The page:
5. No one in the market knows the right solution, but prices signal and incentivise malinvestments
  6. Avoiding herding behavior is a tragedy of the commons because no single entrepreneur contributes to systemic fragility, but every entrepreneur can profit out of it by malinvesting, and suffers losses if he wants to avoid malinvesting (under socialized costs, everybody pays other people's costs, but only adding to malinvestment it is possible to gain profits).
  7. As long as herding doesn't occur on a mass scale, malinvesting is safe, especially if central banks are active in avoiding recessions.
  8. The only strategy to avoid losses is to escape the capital intensive sectors because they will fail during the recession (if central banks are not effective in socializing costs through countercylical means), and escape labor-intensive sectors because resources will be bid toward the other sectors during the boom.
  9. Autarky is the only real solution, but it is so inefficient that inefficient boom/Bust cycles are a superior alternative also when great depressions are likely. It is better to play a vicious game than not to play at all. Avoiding the externality and cost socialization effects of activist monetary policy would largely remove the viciousness of the game, resulting in a first best solution.

sabato 24 luglio 2010

Cowen's "Risk and business cycle": a stocktaking.

Cowen's critique is the most thorough critical analysis of ABCT. Compared with Wagner's, Yeager's, Leijonhufvud's, Caplan's and Tullock's is probably the most interesting, and surely the most complete.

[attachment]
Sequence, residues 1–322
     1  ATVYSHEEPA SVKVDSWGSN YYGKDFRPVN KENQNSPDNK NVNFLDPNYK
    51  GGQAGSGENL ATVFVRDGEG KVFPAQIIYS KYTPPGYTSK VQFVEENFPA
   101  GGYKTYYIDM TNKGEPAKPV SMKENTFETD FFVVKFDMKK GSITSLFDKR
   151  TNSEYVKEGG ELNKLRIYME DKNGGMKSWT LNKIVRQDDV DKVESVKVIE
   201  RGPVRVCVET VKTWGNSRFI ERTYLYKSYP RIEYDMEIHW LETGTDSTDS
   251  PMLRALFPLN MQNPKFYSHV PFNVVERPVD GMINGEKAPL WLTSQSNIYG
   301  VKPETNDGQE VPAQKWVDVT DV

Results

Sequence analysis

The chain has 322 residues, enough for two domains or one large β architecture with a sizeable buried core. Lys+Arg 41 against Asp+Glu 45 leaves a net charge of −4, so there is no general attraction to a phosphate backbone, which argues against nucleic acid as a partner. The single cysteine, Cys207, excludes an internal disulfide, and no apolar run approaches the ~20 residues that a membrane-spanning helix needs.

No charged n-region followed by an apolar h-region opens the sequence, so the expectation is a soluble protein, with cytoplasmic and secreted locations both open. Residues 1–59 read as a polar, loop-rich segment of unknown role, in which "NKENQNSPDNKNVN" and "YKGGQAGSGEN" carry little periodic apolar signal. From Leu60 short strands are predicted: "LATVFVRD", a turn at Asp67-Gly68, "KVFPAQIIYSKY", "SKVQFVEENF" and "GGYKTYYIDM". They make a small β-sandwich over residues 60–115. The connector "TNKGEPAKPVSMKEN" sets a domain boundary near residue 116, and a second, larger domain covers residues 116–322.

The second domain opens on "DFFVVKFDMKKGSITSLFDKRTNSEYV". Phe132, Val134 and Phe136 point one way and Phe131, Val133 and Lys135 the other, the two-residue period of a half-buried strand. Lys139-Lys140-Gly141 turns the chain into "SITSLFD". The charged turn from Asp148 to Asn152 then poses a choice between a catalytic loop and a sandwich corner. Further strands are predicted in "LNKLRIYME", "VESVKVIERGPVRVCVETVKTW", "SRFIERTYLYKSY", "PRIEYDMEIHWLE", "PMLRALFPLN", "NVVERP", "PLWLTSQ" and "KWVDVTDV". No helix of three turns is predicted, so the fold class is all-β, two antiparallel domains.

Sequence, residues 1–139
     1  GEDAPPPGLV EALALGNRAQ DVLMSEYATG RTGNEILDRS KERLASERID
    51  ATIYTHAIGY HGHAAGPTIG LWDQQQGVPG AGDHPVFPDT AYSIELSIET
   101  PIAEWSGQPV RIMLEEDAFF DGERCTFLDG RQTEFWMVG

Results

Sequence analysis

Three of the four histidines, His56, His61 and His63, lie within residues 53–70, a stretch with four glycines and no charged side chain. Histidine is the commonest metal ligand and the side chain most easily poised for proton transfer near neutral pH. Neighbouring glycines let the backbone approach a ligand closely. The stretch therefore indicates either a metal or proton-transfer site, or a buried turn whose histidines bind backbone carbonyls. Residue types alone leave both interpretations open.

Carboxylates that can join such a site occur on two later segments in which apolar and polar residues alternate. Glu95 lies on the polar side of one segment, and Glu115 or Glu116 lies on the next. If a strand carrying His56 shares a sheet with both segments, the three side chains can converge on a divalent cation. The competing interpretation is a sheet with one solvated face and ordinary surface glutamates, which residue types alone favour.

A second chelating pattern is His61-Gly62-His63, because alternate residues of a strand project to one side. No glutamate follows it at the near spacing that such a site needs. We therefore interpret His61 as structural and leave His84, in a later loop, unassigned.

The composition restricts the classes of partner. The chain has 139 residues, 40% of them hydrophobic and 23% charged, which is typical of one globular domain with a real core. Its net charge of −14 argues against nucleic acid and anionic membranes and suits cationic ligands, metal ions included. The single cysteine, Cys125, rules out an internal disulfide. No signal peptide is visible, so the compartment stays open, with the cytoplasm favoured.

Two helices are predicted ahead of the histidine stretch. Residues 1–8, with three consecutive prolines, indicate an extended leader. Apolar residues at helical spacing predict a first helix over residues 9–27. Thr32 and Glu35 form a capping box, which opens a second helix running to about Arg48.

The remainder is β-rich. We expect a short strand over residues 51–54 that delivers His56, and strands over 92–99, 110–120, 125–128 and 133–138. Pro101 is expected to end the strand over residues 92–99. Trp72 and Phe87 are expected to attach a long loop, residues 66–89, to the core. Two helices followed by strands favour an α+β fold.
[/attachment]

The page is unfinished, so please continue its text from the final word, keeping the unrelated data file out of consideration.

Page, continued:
Here are his key points (there are other critiques, but I prefer these because they appear more relevant):

1. Why do consumption and investment comove during the boom and bust?
2. Why are interest rates so effective in causing malinvestment?
3. Why do entrepreneurs commit non-random, but biased, errors during the boom?
4. Why do central banks play a key role in miscoordination, whereas the market may be inherently unstable on its own terms?
5. Why does finance play no role in Austrian theorizing?

Point 1 requires a theory of overproduction, such as the one in Time and Money by Garrison. Machlup wrote something about capital consumption, and Hayek sometimes talked about the topic. Mises talked about overconsumption without defining the concept and justifying its possibility. I think the critique can be answered, but a convincing answer has not been found yet. Hayek went the wrong direction claiming that consumption falls during the boom through forced savings, but this is utterly incredible.

I don't get point 2. It appears that interest rate movements in neoclassical models do not have large effects... but this is due to the fact that money is useless in those models. However, the effectiveness of monetary policy in creating malinvestment relies on the potency of its transmission channels, and I don't know if a proper answer has been found to this objection.

Point 3 is about ratex. The standard Austrian answer is that ratex don't hold, but the only justification is Carilli and Dempter's prisoner dilemma argument. More can be done to analyse the issue: the result will surely focus on coordination problems (O'Driscoll's book is key), prisoner's dilemmas (Carilli & Dempster), and the role of money in coordination (Mises). Although I agree with this line of argument, Hayek's attempt to give a thorough microfoundation to the issue failed because of excessive complexity (he never wrote part two of The pure theory because of this).

I think that neoclassical economics don't get the foundation of the argument: a direct attack to Lucas's "signal extraction" view of money is required. Money is not (only) a signal, it is purchasing power: those who get it have higher spending power, and draw real resources away from others. This is an externality: externalities beget prisoner's dilemmas to be effectively counteracted, and this creates coordination problems. Translated into "neoclassical" words the argument may become more appealing.